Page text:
Larry Lezotte in Calgary

Help Me!  There’s WiFi in the Telus Convention Center in Cagary, but it requests an access code.  There’s no one to ask, because I have the only laptop in the entire hall — except for Larry Lezotte, who is sitting on the stage.  I’d go up and ask him, but he looks too comfortable.  I never look comfortable before I have to present.  I can’t even access the web with my phone, because data is switched off — wicked expensive outside the U.S.

OK, things are underway, with short speeches by directors, associate superintendents, etc.  One guy, who just got up and read a very clever digitalesque Dr. Seuss poem, is lamenting that millennials, by the time they are 21, will have watched TV for 11,000 hours, used their cell phones for 9,000 hours (etc.) but only 5,000 hours reading.  Those numbers are not exact, but the impact is the same.

I understand his sentiment, and I am not unsympathetic — and I wish our children were spending more time with extended examinations of large ideas and rich plots by reading.  But they are reading.  It’s just a different kind of reading and with a different goal.  I isn’t schooly style reading — but that doesn’t make it unworthy of our understanding and even respect.

Lezotte gets pretty feisty here about the need to change our schools

Now, we’re welcoming Lawrence Lezotte.  He says that education in Canada and the U.S. is heading toward the perfect storm.  There are three fources that are converging.

  1. Rising standards and expectations because of technology and competition
  2. More and more children present challenges to teachers for a variety of reasons
  3. We’re expected to do all of that with fewer resources (with or without a declining economy)

He says that, “Your school division or district is perfectly aligned to produce the results you are currently getting.  If you’re happy, then no problem.  But you aren’t addressing these converging forces.” (approximate quote)

First we have to frame the problem.  Part of the problem is changing expectations, accountability, and changing clients.  A futurist said that, “Your demographics are your desteny.”  This is true.  Demographics are an enormous influence on our future.  That point was made eloquently by a keynote speaker at NECC a few years ago.  Can’t remember his name.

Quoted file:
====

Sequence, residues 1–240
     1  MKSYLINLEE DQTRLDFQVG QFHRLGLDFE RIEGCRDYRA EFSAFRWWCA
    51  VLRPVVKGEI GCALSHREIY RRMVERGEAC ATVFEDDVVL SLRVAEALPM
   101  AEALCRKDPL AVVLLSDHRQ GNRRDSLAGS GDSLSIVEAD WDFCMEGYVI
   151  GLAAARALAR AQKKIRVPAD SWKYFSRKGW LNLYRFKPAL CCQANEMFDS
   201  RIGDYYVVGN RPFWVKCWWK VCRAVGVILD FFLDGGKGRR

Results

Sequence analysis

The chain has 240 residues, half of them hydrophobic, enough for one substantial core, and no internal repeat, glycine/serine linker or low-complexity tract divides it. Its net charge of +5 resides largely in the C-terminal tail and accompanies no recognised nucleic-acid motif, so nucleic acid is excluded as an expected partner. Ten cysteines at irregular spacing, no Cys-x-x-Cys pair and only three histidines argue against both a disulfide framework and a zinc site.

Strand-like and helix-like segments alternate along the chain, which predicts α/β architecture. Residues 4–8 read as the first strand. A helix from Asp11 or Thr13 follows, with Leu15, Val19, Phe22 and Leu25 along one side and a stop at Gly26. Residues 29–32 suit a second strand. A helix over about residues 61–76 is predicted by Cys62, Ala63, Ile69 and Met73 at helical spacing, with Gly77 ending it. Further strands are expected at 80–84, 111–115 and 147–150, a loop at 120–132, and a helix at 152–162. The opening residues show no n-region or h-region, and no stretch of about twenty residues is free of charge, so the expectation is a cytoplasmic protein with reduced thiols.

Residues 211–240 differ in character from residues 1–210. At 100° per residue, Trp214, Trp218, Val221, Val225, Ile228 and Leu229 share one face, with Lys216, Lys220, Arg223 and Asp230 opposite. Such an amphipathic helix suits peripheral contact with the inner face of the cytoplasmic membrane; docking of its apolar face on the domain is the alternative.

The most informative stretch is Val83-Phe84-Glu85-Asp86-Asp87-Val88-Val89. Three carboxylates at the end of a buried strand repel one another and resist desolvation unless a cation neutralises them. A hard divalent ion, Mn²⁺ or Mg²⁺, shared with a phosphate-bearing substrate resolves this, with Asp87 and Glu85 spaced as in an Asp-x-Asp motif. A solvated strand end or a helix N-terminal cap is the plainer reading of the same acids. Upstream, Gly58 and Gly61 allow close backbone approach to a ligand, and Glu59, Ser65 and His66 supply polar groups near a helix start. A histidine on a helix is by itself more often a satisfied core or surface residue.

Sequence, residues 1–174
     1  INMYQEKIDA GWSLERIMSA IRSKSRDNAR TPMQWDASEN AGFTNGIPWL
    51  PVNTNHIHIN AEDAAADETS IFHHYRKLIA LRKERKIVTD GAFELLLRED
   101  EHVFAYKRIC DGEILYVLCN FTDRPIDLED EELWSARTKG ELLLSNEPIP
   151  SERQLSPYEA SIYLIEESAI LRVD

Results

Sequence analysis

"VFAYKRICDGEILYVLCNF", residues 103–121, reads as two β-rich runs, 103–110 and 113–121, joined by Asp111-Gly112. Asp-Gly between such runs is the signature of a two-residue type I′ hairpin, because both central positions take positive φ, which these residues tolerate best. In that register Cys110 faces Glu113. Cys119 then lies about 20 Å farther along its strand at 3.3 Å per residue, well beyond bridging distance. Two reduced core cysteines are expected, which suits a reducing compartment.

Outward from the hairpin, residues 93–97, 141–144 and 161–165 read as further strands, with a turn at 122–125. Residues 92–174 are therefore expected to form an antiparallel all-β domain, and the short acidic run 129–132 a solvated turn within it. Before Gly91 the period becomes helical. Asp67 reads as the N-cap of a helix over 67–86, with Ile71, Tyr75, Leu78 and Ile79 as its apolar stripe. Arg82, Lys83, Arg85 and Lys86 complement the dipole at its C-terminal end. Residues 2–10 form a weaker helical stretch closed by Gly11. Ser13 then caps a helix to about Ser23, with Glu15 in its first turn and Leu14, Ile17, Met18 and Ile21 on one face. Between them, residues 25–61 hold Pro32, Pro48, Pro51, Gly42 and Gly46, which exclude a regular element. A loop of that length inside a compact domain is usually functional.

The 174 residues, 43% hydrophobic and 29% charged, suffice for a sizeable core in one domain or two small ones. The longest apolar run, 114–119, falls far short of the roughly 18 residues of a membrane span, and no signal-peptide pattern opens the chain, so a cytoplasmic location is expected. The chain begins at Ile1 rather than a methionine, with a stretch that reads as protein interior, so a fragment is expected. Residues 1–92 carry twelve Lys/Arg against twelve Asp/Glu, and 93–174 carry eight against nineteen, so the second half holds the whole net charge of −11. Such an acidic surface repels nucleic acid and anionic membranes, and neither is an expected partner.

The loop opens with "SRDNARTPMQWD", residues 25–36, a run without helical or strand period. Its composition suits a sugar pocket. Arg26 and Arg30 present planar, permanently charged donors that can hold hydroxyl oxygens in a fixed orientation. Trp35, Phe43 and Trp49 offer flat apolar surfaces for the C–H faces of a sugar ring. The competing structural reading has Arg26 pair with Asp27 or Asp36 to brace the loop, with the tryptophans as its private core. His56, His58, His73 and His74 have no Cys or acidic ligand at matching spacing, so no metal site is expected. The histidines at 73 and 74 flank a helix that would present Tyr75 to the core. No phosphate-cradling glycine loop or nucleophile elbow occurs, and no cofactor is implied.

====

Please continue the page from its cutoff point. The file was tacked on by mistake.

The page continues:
Bell curve was perfect years ago, because the purpose of school was to sort people out. If we tested ourselves with standard IQ tests and then tested our children, Our children would out perform us by one full standard deviation.

Our clients are changing.  Increasing numbers are poor and economically disadvantaged and minority — especially limited English proficiency.

In order to bring those students up (close the gap), we have to be able to assure 30% more time on task than advantaged students.  He says that the U.S. insists on a sameness standard.  We want to treat everyone the same.  We have to find a way to break out of that.  This hearkens, in my mind, to my recent rant about Duncan’s call for more time in school for students.  I think that the time isn’t the issue, so much as what they are doing — what the “task” is.

He’s making a pretty passion point about treating kids differently based on their performance.  He says that if you look at the percentage of kids with profound handicaps of all types, it has remained constant, about 5%.  But if you look at the students who have been labeled with learning disabilities has increased constantly.  Lezotte, says that it’s because of “accountability.”

He quotes, “Form follows function.”  You design the system to accomplish the function.

Lezotte says, “You will never get J curve results from a a bell curve school.”

Think about having 1/3 of your students to be in tutoring about 1/3 of the time.  What does that look like.  Is that what we need.

He talks about a professor in Florida who says that the closer a school system gets to 100%, the more and more it costs to achieve each additional percentage point.  You reach a point where you need a new paradigm.  Lezotte suggests that the paradigm shift is to move from teacher-centered education to learner-centered education. Bingo!

Battery died shortly after this, as did my attention.  It was 10:30 PM my time.  But I did manage to scratch this into my conference program.

Authority is delegated from the top!
Leadership is delegated from the bottom!

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Author: David Warlick

David Warlick has been an educator for the past 40+ years. He continues to do some writing, but is mostly seeking his next intersect between play, passion and purpose, dabbling in photography, drone videography and music production.